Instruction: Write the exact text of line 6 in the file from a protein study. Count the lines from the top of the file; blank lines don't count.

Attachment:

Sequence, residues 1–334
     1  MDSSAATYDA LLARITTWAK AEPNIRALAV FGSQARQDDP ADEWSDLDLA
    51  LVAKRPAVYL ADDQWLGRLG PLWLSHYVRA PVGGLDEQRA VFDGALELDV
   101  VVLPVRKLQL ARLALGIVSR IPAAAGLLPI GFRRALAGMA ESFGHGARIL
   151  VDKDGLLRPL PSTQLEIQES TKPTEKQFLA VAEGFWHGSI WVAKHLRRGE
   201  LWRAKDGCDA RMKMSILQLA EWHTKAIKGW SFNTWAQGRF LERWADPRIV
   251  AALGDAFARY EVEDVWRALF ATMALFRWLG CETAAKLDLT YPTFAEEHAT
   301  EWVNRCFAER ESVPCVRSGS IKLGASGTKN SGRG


   201  LWRAKDGCDA RMKMSILQLA EWHTKAIKGW SFNTWAQGRF LERWADPRIV